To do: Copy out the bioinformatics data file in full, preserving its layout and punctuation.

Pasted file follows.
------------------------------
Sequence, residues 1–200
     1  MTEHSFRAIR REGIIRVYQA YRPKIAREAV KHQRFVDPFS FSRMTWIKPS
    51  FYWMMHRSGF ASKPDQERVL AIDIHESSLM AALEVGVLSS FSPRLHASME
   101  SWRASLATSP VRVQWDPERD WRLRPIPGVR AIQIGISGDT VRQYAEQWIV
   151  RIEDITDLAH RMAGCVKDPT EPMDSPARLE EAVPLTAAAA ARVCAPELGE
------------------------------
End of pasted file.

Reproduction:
Sequence, residues 1–200
     1  MTEHSFRAIR REGIIRVYQA YRPKIAREAV KHQRFVDPFS FSRMTWIKPS
    51  FYWMMHRSGF ASKPDQERVL AIDIHESSLM AALEVGVLSS FSPRLHASME
   101  SWRASLATSP VRVQWDPERD WRLRPIPGVR AIQIGISGDT VRQYAEQWIV
   151  RIEDITDLAH RMAGCVKDPT EPMDSPARLE EAVPLTAAAA ARVCAPELGE